A plasmid is a small DNA molecule within a cell that is physically separated from chromosomal DNA and can replicate independently. They are most commonly found as small circular, double-stranded DNA molecules in bacteria; however, plasmids are sometimes present in archaea and eukaryotic organisms. In nature, plasmids often carry genes that benefit the survival of the organism, such as by providing antibiotic resistance. While the chromosomes are big and contain all the essential genetic information for living under normal conditions, plasmids usually are very small and contain only additional genes that may be useful in certain situations or conditions. Artificial plasmids are widely used as vectors in molecular cloning, serving to drive the replication of recombinant DNA sequences within host organisms. In the laboratory, plasmids may be introduced into a cell via transformation.

Plasmids almost always carry at least one gene. Many of the genes carried by a plasmid are beneficial for the host cells, for example: enabling the host cell to survive in an environment that would otherwise be lethal or restrictive for growth. Some of these genes encode traits for antibiotic resistance or resistance to heavy metal, while others may produce virulence factors that enable a bacterium to colonize a host and overcome its defences, or have specific metabolic functions that allow the bacterium to utilize a particular nutrient, including the ability to degrade recalcitrant or toxic organic compounds. Plasmids can also provide bacteria with the ability to fix nitrogen. Some plasmids, however, have no observable effect on the phenotype of the host cell or its benefit to the host cells cannot be determined, and these plasmids are called cryptic plasmids.

Plasmids can also be classified into incompatibility groups. A microbe can harbour different types of plasmids, but different plasmids can only exist in a single bacterial cell if they are compatible. If two plasmids are not compatible, one or the other will be rapidly lost from the cell. Different plasmids may therefore be assigned to different incompatibility groups depending on whether they can coexist together. Incompatible plasmids (belonging to the same incompatibility group) normally share the same replication or partition mechanisms and can thus not be kept together in a single cell.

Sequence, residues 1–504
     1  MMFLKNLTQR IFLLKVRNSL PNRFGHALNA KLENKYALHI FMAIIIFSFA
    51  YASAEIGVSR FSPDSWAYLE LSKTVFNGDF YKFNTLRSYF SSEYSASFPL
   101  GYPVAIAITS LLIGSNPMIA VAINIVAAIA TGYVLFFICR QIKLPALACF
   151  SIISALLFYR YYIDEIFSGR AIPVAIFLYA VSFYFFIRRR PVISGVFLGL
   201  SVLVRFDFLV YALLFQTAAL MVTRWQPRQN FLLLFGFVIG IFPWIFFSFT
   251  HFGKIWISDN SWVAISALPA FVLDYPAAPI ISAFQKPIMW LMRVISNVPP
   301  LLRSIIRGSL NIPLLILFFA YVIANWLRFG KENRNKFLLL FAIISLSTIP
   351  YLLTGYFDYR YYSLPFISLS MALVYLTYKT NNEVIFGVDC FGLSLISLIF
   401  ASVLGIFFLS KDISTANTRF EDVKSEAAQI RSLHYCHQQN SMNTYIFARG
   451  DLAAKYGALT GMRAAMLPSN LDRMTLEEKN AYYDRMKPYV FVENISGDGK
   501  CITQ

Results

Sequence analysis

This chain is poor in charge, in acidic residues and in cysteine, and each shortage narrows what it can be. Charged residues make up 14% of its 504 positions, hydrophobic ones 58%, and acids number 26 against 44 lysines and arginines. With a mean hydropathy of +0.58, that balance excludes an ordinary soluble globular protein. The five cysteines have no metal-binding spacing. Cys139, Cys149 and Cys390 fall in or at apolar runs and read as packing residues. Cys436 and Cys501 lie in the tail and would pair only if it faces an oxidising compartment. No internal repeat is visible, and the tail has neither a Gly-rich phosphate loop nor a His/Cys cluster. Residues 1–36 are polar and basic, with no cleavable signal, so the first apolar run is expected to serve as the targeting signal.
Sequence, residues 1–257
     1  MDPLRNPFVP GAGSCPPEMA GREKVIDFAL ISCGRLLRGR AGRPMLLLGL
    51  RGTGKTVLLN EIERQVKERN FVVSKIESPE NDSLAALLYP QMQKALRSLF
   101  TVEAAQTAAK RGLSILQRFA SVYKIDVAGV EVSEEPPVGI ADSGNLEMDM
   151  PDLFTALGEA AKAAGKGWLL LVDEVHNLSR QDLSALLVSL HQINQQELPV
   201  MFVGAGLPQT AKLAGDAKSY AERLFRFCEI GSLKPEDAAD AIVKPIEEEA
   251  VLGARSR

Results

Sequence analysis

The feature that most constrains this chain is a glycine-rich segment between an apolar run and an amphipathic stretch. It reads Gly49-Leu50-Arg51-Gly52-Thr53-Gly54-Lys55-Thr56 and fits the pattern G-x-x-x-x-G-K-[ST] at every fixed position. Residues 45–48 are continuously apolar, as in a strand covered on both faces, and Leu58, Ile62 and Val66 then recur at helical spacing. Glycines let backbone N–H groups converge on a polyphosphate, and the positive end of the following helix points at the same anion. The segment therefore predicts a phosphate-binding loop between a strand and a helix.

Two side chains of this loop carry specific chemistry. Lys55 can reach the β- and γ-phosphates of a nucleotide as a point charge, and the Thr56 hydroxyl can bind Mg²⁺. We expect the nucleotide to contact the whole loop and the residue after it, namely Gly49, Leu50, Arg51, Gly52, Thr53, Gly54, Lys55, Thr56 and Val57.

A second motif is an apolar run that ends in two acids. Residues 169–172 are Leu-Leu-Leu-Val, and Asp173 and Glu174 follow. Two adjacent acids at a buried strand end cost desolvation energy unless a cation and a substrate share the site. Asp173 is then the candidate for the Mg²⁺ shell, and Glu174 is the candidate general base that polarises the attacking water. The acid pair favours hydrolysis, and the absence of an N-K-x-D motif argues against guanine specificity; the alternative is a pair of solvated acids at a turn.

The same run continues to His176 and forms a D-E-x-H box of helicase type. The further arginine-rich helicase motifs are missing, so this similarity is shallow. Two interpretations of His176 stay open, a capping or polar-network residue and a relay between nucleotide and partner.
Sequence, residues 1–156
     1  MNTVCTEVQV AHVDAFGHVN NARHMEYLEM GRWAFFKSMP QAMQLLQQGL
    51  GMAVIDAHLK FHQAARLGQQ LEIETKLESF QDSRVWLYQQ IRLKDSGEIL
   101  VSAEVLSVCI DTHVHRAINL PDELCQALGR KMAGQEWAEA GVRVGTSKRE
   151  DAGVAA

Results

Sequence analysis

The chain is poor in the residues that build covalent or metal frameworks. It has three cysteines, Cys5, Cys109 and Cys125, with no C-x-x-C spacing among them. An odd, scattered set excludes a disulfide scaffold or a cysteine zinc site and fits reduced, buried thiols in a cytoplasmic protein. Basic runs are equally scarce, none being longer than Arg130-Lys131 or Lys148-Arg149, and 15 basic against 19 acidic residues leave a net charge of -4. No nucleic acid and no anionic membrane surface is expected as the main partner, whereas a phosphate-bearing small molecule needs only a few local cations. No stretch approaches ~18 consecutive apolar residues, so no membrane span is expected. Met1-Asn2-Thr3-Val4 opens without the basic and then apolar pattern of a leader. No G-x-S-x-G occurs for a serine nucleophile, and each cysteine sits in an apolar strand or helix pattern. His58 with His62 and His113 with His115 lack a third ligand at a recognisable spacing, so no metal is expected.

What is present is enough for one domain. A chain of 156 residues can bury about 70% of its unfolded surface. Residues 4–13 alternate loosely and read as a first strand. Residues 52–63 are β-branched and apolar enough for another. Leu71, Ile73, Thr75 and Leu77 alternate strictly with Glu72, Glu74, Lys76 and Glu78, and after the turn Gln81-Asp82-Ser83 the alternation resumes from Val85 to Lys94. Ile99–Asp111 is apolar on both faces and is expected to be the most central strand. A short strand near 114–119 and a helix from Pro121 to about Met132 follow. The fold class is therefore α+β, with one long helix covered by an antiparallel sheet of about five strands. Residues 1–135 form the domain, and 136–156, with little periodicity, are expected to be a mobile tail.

DNA structural instability can be defined as a series of spontaneous events that culminate in an unforeseen rearrangement, loss, or gain of genetic material. Such events are frequently triggered by the transposition of mobile elements or by the presence of unstable elements such as non-canonical (non-B) structures. Accessory regions pertaining to the bacterial backbone may engage in a wide range of structural instability phenomena. Well-known catalysts of genetic instability include direct, inverted, and tandem repeats, which are known to be conspicuous in a large number of commercially available cloning and expression vectors. Insertion sequences can also severely impact plasmid function and yield, by leading to deletions and rearrangements, activation, down-regulation or inactivation of neighboring gene expression. Therefore, the reduction or complete elimination of extraneous noncoding backbone sequences would pointedly reduce the propensity for such events to take place, and consequently, the overall recombinogenic potential of the plasmid.

Another major use of plasmids is to make large amounts of proteins. In this case, researchers grow bacteria containing a plasmid harboring the gene of interest. Just as the bacterium produces proteins to confer its antibiotic resistance, it can also be induced to produce large amounts of proteins from the inserted gene. This is a cheap and easy way of mass-producing the protein the gene codes for, for example, insulin.

Plasmids were historically used to genetically engineer the embryonic stem cells of rats to create rat genetic disease models. The limited efficiency of plasmid-based techniques precluded their use in the creation of more accurate human cell models. However, developments in Adeno-associated virus recombination techniques, and Zinc finger nucleases, have enabled the creation of a new generation of isogenic human disease models.

Many plasmids have been created over the years and researchers have given out plasmids to plasmid databases such as the non-profit organisations Addgene and BCCM/LMBP. One can find and request plasmids from those databases for research. Researcher also often upload plasmid sequences to the NCBI database, from which sequences of specific plasmids can be retrieved.


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